Granat on Cision-Vocus merger: Building combined culture is biggest challenge

Peter Granat, who resigned from his position as president and CEO of Cision to join Vocus as chief exec in June, explains how private equity firm GTCR's plan to bring the two companies together to form a global PR cloud business is progressing, and how he is communicating the changes internally and externally.

Peter Granat, who resigned from his position as president and CEO of Cision to join Vocus as chief exec in June, explains how private equity firm GTCR’s plan to bring the two companies together to form a global PR cloud business is progressing, and how he is communicating the changes internally and externally.

GTCR bought Vocus in a $447 million deal in April, and now owns 97.4% of Cision, which it acquired from trade rival Meltwater and individual shareholders last month. When is GTCR’s acquisition of Cision expected to close?
Within the next couple of weeks. Now it is just individual shareholders that own the rest of it; Meltwater no longer owns any part of it.

Even though the merger is not yet complete, you have already started the integration process.
We are well underway in integration planning and working on things like the new brand for the combined organization. After acquiring social media analytics platform Visible Technologies earlier this week, we have another great brand that we will need to integrate into the overall company. I would expect the integration of the Cision-Vocus merger to be completed over the next few weeks.

In terms of looking at the best of both tools and content sets across each organization, we are already moving fast. Last week, Help A Reporter Out and PRWeb – two of Vocus’ most popular services – became available to Cision users. In addition, Vocus announced a strategic alliance with LexisNexis, increasing users’ news monitoring capabilities. This is a relationship Cision had with LexisNexis since 2012.

So our Cision and Vocus customers are getting the best of both services. There will be more of those types of initiatives going on through the end of the year.

What challenges are you facing in the integration process?
The different stakeholder groups and the communication and cultural integration of three different firms at different stages, sizes, and geographic markets.  We also have to take into account our different product and content sets, as well as our customer relationships. But building a combined culture is always the largest challenge in any integration process.

What is the main message you are trying to get out about the merger at this point?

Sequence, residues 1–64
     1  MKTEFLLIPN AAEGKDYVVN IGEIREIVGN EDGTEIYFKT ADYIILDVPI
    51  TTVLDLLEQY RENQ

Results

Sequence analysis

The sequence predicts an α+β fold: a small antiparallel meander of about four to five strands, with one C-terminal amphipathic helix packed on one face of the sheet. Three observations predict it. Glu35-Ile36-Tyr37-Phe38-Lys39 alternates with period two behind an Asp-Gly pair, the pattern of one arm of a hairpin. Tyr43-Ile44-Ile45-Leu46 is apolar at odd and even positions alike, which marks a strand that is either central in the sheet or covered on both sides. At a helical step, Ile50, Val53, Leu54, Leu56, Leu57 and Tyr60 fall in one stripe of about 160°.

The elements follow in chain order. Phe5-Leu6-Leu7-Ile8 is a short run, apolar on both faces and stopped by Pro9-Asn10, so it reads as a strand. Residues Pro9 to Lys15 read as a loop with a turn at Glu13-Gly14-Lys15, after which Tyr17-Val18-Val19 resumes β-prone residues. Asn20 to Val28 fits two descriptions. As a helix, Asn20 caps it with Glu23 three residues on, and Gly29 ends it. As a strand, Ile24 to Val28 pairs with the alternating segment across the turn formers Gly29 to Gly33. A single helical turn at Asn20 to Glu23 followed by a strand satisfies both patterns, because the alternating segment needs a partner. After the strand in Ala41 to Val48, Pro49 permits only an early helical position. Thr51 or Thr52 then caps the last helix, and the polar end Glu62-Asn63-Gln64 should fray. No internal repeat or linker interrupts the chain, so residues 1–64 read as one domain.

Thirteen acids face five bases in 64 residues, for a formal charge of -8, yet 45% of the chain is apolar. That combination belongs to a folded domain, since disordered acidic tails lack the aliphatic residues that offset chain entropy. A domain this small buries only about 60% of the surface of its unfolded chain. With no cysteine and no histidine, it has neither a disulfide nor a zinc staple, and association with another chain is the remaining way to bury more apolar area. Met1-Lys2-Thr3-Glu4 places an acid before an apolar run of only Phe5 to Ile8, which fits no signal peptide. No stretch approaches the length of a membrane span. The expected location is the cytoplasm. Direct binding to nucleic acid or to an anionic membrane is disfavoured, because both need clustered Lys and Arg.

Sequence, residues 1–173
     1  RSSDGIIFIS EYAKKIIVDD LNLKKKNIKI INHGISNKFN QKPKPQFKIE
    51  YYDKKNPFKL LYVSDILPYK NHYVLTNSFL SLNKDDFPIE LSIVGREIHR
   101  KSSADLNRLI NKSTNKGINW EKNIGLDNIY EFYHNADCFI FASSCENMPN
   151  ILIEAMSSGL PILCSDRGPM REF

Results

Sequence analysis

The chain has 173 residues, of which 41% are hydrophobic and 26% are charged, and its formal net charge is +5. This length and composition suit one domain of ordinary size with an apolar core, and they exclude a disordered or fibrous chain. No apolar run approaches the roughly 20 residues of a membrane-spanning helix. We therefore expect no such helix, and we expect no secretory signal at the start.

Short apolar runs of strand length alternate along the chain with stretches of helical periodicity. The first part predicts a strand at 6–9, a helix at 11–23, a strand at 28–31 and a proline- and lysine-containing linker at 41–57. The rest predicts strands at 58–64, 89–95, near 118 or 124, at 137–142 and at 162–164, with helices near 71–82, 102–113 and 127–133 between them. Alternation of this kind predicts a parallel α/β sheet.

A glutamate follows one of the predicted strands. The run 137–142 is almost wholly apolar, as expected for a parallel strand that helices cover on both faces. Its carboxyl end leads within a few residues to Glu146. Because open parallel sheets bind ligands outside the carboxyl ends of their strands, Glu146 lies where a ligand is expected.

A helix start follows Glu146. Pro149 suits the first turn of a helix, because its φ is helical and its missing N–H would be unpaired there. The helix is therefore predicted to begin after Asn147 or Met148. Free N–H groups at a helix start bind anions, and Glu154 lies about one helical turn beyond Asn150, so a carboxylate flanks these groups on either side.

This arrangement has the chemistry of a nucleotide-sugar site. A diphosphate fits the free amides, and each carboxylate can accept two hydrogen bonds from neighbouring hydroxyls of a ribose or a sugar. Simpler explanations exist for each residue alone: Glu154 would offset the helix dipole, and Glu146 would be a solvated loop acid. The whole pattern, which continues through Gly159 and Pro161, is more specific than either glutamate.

The core message is the commitment to continue to make investments in this space. Putting Cision and Vocus together, along with the addition of Visible, plays on our investment and strategy to be a leader in the communication space. The intersection between content marketing, PR, and social is the sweet spot for the combined organizations and where we will focus in the year ahead.

How are you communicating the company’s changes internally?
Integration starts first with building a combined culture. With my comms team, I have been leading frequent town halls and comms strategies via video to all 1,500 employees across all the countries Cision and Vocus operate in.

There have been frequent updates as decisions are being made internally by the management team. As an international CEO and with my travel schedule, shooting videos and sharing them internally via our intranet is our most effective way to communicate and share information across different time zones and languages.

One of the values we have at Cision is open communication, talking about the changes, and sharing with the employees our decisions around products, market strategy, and platform content.

Vocus had some layoffs over the summer. Tell us about that.
The reductions in the overall organization were mainly linked to the marketing automation business we spun-off earlier this month called OutMarket. As a part of the spin-off, OutMarket has a new management team and a new brand, focused on the middle-to-bottom of the marketing funnel around demand creation and lead generation.

Meanwhile, Cision and Vocus will focus on the communication space, including awareness, reputational drivers, and buzz in the social space.

I am not commenting on the size of the reduction.

Are customers concerned about changes to their services?
We have not seen a lot of concern from customers about the merger, but we have had some questions from them about what the impact would be.

Both Cision and Vocus account teams have made customers aware that there will be no change to their platforms at all over the next year. There will only be the introduction of services which enhance the services they have today.

Customer communications come through the sales organization as well as through our marketing teams via email and through one-on-one phone calls during the account review process.

Any other joint acquisitions on the horizon?
I can’t comment in detail on this, but I can say we will definitely continue to make investments.

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